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Episode 152 – How long can you tread water?

Money, money, money… Bobby and Jordan discuss the latest developments in the Ballard scandal including the privacy of tithing records and how this all relates to the parable of the talents and the treasures in the heavens.

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The element of opposition necessary for such a test is provided by the Adversary, who in the beginning openly mocked God’s Plan and set up his own plan in opposition to it. Being cast out of heaven with his followers by main force, he continues upon this earth during the set time allowed him by God’s Plan (for the irony of his situation is that he is Mephistopheles, unwillingly if not unwittingly contributing to the operation of that Plan) attempting to wreck the whole enterprise by drawing off as many spirits and as much material as possible into his own camp. The Devil and his hosts claim the Treasure for their own and attempt to pirate the treasure-ships that cruise between the worlds, and use the loot in the outfitting of their own dark worlds.A neglected Leitmotif of the New Testament is the continuation on earth of the personal feud between the Lord and the Adversary begun at the foundation of the world: from the first each recognizes the other as his old opponent and rival; they are matched at every point—each claims identical gifts, ordinances, signs and wonders, each has his doctrine and his glory and his plan for the future of the race. Above all, each claims to possess the Treasure, the Lord promising Treasures in the heavens while the Adversary offers a clever, glittering earthly imitation: it is the choice between these treasures (for no man can have both) that is a man’s real test here upon the earth, determining his place hereafter. It is the “Poor” who recognize and seek the true treasures, since they who are “rich as to the things of this world” have deliberately chosen the fraudulent imitation.

In coming to earth each man leaves his particular treasure, or his share of the Treasure, behind him in heaven, safely kept in trust (“under God’s throne”) awaiting his return. One has here below the opportunity of enhancing one’s treasure in heaven by meritorious actions, and also the risk of losing it entirely by neglecting it in his search for earthly treasure. Hence the passionate appeals to men to remember their tremendous stake on the other side and “not to defraud themselves of the glory that awaits them” by seeking the things of the world. To make the “treasure” test a fair one, the two treasures are placed before us on an equal footing (the doctrine of the Two Ways), their two natures being mingled in exactly equal portions in every human being. To neutralize what would otherwise be the overpowering appeal of the heavenly treasure, the memory of its former glories has been erased from the mind of man, which is thus in a state of equilibrium, enjoying by “the ancient law of liberty” complete freedom to choose whatever it will. In this state, whatever choice is made represents the true heart and mind of the one who makes it. What conditions the Elect to make the right choice is no unfair advantage of instruction—for all men are aware of the issues involved—but a besetting nostalgia, a constant vague yearning for one’s distant Treasure and happy heavenly home. This theme, akin to the Platonic doctrine of anamnesis, runs through all the Apocrypha and Scriptures; it is beautifully expressed in the Hymn of the Pearl from the Acts of Thomas.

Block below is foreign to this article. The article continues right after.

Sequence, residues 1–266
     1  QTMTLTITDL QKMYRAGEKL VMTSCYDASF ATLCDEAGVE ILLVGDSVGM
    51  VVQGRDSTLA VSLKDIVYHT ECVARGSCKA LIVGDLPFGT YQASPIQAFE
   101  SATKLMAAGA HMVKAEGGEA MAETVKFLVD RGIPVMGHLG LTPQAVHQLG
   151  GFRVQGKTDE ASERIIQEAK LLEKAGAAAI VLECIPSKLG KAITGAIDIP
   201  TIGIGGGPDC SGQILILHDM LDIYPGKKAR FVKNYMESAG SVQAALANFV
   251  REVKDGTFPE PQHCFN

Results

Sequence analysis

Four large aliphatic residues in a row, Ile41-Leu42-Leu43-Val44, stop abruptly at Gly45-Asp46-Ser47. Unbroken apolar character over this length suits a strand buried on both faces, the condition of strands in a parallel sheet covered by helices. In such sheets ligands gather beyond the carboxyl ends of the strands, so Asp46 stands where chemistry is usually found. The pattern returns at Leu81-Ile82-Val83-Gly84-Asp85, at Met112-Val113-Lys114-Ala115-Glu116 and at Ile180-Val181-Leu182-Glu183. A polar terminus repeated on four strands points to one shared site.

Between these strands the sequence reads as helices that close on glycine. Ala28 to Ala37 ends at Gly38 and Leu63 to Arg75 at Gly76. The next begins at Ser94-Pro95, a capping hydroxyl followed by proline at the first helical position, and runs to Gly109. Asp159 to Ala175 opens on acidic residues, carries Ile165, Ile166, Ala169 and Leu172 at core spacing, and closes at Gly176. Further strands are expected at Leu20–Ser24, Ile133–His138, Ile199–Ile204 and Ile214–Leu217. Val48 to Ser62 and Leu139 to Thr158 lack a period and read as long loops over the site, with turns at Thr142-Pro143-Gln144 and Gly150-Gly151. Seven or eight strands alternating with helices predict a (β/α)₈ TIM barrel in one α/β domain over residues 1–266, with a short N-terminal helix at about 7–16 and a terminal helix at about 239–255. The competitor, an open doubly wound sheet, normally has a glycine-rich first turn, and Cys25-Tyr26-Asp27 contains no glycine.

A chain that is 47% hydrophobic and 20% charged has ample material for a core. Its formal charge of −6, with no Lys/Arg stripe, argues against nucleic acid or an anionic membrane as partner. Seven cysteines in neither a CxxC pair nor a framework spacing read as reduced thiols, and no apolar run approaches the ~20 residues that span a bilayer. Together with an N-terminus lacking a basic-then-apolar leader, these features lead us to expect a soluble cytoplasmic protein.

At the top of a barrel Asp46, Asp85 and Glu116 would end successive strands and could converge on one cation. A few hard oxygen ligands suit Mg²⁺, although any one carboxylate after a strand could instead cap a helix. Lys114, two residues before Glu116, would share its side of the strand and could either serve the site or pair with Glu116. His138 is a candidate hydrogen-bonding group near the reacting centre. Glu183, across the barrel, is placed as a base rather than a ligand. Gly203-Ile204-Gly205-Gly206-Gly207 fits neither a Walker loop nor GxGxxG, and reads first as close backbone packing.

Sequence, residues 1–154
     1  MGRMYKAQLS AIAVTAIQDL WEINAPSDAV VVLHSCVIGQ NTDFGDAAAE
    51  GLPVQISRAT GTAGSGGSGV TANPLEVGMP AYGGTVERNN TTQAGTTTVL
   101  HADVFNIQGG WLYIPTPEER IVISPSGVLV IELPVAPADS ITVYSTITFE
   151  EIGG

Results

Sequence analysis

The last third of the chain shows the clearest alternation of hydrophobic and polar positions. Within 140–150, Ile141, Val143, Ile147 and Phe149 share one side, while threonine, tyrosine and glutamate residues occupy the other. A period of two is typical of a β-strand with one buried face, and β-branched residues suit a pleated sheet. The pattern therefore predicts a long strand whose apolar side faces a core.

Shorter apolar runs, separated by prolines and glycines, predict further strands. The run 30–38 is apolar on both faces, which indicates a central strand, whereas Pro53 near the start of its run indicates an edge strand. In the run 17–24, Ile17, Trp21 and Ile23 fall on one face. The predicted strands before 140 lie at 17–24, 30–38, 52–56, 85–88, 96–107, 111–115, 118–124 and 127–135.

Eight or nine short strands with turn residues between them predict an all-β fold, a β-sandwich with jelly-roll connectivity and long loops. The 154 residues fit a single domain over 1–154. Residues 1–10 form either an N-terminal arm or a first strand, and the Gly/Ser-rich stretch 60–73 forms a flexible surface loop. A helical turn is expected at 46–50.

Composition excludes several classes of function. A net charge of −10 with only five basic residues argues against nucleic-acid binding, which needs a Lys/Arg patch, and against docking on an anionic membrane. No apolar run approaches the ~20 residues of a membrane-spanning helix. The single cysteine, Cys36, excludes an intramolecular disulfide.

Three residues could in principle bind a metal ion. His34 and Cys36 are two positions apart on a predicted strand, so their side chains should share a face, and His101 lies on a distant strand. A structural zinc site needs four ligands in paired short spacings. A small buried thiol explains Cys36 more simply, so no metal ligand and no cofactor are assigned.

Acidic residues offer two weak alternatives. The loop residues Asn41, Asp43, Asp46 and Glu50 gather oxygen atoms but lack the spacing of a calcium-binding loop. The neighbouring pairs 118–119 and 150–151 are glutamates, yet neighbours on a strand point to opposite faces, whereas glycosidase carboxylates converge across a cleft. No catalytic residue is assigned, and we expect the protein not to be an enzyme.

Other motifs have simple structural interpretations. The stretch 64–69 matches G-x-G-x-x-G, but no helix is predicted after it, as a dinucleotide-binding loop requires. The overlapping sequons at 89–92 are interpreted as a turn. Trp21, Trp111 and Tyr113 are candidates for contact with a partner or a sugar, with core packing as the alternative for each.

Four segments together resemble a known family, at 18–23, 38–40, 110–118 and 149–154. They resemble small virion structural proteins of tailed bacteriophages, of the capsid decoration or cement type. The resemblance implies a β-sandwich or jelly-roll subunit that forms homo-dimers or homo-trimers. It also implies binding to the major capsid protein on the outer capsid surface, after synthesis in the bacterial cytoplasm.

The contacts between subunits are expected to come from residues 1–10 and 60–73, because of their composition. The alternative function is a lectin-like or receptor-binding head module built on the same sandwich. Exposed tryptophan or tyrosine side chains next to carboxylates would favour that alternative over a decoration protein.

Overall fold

Hugh Nibley – Treasures in the Heavens

Also Referenced in the Podcast


  1. TBM